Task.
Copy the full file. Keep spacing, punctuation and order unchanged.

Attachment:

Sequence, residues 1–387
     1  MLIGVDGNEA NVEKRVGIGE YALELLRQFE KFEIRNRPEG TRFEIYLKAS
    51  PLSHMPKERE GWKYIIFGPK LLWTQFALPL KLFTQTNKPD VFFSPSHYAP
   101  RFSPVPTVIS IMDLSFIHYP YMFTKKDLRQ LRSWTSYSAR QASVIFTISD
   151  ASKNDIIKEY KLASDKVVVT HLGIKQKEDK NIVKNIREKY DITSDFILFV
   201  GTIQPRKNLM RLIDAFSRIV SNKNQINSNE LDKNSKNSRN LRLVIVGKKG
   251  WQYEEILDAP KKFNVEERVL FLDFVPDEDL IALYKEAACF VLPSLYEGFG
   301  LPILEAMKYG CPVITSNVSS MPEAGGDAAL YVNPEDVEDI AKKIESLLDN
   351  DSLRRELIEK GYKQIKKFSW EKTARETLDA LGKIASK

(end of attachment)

Sequence, residues 1–387
     1  MLIGVDGNEA NVEKRVGIGE YALELLRQFE KFEIRNRPEG TRFEIYLKAS
    51  PLSHMPKERE GWKYIIFGPK LLWTQFALPL KLFTQTNKPD VFFSPSHYAP
   101  RFSPVPTVIS IMDLSFIHYP YMFTKKDLRQ LRSWTSYSAR QASVIFTISD
   151  ASKNDIIKEY KLASDKVVVT HLGIKQKEDK NIVKNIREKY DITSDFILFV
   201  GTIQPRKNLM RLIDAFSRIV SNKNQINSNE LDKNSKNSRN LRLVIVGKKG
   251  WQYEEILDAP KKFNVEERVL FLDFVPDEDL IALYKEAACF VLPSLYEGFG
   301  LPILEAMKYG CPVITSNVSS MPEAGGDAAL YVNPEDVEDI AKKIESLLDN
   351  DSLRRELIEK GYKQIKKFSW EKTARETLDA LGKIASK